ANNISTON TESTS NEW EQUIPMENT FOR PUEBLO PROJECT
March 26, 2010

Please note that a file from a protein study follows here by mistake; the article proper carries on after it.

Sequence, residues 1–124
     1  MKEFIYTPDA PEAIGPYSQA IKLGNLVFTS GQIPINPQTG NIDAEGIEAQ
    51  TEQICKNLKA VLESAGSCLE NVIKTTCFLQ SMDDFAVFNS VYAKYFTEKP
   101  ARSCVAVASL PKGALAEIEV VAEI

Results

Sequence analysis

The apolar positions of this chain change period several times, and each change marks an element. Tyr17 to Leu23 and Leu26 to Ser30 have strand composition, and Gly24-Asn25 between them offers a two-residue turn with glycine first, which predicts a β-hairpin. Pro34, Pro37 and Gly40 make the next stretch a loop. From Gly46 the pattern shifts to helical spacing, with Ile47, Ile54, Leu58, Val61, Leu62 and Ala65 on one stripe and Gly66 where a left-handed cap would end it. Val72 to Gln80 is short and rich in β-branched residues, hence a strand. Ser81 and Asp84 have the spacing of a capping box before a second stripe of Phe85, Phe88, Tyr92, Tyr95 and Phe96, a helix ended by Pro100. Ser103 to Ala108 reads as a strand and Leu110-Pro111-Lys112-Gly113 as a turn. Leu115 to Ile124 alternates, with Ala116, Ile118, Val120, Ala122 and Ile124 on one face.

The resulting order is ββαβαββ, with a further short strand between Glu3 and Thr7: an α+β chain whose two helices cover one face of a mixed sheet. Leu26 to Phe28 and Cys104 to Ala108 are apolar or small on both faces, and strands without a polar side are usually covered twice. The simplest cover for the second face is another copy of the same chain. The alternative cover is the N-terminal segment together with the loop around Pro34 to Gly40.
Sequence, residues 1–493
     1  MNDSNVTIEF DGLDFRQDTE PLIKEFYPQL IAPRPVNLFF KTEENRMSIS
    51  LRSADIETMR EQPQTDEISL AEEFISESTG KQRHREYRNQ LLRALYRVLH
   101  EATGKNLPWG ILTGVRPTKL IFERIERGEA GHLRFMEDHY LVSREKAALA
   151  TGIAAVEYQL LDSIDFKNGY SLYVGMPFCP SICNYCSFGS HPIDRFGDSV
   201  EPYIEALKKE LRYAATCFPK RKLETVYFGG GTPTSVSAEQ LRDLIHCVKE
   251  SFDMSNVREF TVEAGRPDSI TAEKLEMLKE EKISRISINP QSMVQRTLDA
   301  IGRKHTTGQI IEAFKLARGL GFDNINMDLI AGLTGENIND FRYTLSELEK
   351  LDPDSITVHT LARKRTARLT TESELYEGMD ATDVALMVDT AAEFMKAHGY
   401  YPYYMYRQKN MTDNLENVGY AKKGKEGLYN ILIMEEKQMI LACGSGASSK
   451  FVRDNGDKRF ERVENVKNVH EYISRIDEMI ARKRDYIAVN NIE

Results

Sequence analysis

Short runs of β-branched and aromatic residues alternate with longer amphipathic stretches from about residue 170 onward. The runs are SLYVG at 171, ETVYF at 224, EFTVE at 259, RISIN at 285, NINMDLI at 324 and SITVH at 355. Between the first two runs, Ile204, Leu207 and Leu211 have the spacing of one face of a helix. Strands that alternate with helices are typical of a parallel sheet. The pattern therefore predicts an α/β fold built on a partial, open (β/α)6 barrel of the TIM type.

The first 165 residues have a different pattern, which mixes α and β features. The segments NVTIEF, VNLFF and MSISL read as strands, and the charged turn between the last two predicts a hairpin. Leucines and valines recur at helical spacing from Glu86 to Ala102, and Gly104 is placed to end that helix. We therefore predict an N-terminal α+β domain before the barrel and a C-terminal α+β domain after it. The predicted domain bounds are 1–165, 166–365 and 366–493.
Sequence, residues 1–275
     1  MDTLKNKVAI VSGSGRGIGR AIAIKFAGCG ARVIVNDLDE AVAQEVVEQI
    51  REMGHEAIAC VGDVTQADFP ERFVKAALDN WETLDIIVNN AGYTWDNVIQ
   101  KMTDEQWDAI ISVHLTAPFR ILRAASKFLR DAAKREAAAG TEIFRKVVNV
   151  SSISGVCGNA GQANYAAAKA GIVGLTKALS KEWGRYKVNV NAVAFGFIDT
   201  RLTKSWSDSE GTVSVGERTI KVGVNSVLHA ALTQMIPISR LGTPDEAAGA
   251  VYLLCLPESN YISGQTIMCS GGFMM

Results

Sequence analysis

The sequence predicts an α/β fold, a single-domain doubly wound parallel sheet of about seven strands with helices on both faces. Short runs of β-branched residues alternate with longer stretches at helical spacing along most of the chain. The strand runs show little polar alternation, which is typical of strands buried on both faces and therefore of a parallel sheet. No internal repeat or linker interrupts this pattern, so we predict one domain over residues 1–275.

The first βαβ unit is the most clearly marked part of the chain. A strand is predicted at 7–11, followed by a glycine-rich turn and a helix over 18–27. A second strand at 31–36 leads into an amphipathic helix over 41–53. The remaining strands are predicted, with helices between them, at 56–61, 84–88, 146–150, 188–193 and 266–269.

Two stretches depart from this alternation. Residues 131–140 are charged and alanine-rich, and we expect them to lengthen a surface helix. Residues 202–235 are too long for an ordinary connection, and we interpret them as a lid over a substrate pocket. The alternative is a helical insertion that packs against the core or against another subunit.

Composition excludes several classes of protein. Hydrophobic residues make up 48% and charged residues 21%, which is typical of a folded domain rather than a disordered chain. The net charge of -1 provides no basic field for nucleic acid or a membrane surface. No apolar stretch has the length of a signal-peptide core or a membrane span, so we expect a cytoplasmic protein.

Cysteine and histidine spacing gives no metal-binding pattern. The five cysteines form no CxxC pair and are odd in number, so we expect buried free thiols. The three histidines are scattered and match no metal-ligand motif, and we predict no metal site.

ANNISTON ARMY DEPOT, Ala. (March 25, 2010) - A new operation here is expected to have a big impact on future chemical munition disposal operations in Pueblo, Colo. Monday, Anniston Chemical Activity (ANCA) employees started delivering mustard-filled 4.2-inch mortars to a building on Anniston Army Depot laid out to resemble an area of the Pueblo Chemical Agent-Destruction Pilot Plant (PCAPP) under construction at Pueblo Chemical Depot, Pueblo, Colo. At the Anniston building, a team of specially trained Anniston Chemical Agent Disposal Facility (ANCDF) employees started using the Linear Projectile Mortar Disassembly (LPMD) machine Tuesday (March 23) to remove explosives (fuzes and bursters) from the munitions ANCA is delivering to them. The Anniston-based employees will collect LPMD reliability and maintenance data associated with the removal of the explosives over the course of several months. The data collected in Anniston will be analyzed and used by Pueblo-based counterparts to safely demilitarize the chemical munition stockpile in Colorado. "We can do this important job to help our sister site in Colorado while also conducting safe operations at the ANCDF. But it is also important to know the LPMD project does not involve the transportation of any mustard-filled munitions to or from either the Alabama site or the Colorado site," said Timothy K. Garrett, ANCDF government site project manager. He also said, "Since the Anniston mustard-filled munitions are similar to the Pueblo stockpile, the lessons learned here will be instrumental in helping the Colorado team prepare for future safe disposal operations at Pueblo Chemical Depot." ANCA employees are now moving mustard-filled munitions from storage igloos to the ANCDF and to the LPMD building in support of operations at both facilities. They use large, vault-like containers to safely and securely move the munitions. To date, ANCA's Army civilian employees have made more than 8,500 safe deliveries using the containers since the first trip to the ANCDF in August 2003. Lt.Col. Andrew M. Herbst, ANCA commander, said, "I'm excited to see the LPMD project under way. ANCA employees are eager to approach this project as an opportunity to assist our sister site, Pueblo Chemical Depot, in preparing for the start of their own munition disposal campaign." While ANCA employees are responsible for storing and moving chemical munitions at Anniston Army Depot, Westinghouse Anniston contractor employees are operating the ANCDF and the new LPMD. Steve Bragg is the LPMD Project Manager. He said, "A large number of people have worked very hard to begin operations at the LPMD and I am very thankful for their efforts. We have worked as a team to begin safe, compliant operations." A key component of the LPMD is a yellow, six-axis robot that is remotely operated by Bragg's team from a nearby control room. After other employees carefully place mustard munitions on a conveyor system, the robotic machine picks up the munitions one at a time and places them at munition handling stations like those used in the older PMDs. The use of the robotic LPMD, rather than older, flat, rotary tables, is expected to improve PCAPP operations. Locally, the explosives removed by the Alabama crew will be destroyed on Anniston Army Depot at a later date. The munitions, on the other hand, will be repackaged and returned to safe ANCA storage igloos for future disposal at the ANCDF. Anniston LPMD operations are expected to remove the munition's energetic components, including the fuze and burster, from thousands of 4.2-inch mortars and 105mm and 155mm artillery shells during the next several months. The project does not involve the draining of any mustard agent. This week, only a relatively few mortars have been processed as local managers have scheduled a slow and deliberate ramp up of operations to ensure safe operations. Since disposal operations began at the ANCDF in August 2003, more than 467,700 nerve agent and mustard-filled munitions (70.6 percent) have been safely demilitarized. More than 346,000 gallons (68.7 percent) of liquid nerve and mustard agents have also been processed during operations at the ANCDF.